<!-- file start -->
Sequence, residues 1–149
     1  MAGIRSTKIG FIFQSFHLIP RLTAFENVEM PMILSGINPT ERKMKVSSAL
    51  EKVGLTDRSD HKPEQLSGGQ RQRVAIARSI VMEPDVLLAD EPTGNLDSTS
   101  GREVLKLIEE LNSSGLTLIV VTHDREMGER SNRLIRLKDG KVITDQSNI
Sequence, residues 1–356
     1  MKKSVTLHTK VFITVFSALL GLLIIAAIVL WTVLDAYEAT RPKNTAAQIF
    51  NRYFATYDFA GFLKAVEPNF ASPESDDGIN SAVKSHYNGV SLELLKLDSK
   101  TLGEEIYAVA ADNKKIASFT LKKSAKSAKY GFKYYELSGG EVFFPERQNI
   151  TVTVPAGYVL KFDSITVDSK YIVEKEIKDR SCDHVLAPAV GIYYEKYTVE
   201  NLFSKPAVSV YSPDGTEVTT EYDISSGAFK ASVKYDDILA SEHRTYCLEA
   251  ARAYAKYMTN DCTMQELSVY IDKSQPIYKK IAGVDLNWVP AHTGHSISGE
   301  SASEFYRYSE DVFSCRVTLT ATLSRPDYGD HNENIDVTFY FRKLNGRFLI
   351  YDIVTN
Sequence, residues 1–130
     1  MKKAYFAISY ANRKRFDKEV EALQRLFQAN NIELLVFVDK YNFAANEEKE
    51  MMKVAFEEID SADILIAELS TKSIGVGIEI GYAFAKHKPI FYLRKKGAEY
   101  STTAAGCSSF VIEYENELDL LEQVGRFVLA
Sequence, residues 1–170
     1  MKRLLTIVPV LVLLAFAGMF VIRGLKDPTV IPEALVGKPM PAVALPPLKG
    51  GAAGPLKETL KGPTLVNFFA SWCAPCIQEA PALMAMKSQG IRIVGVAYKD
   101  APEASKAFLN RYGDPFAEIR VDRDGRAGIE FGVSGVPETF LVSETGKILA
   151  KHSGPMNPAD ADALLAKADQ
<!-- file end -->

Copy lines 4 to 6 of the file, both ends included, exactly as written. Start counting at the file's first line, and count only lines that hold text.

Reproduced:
   101  GREVLKLIEE LNSSGLTLIV VTHDREMGER SNRLIRLKDG KVITDQSNI
Sequence, residues 1–356
     1  MKKSVTLHTK VFITVFSALL GLLIIAAIVL WTVLDAYEAT RPKNTAAQIF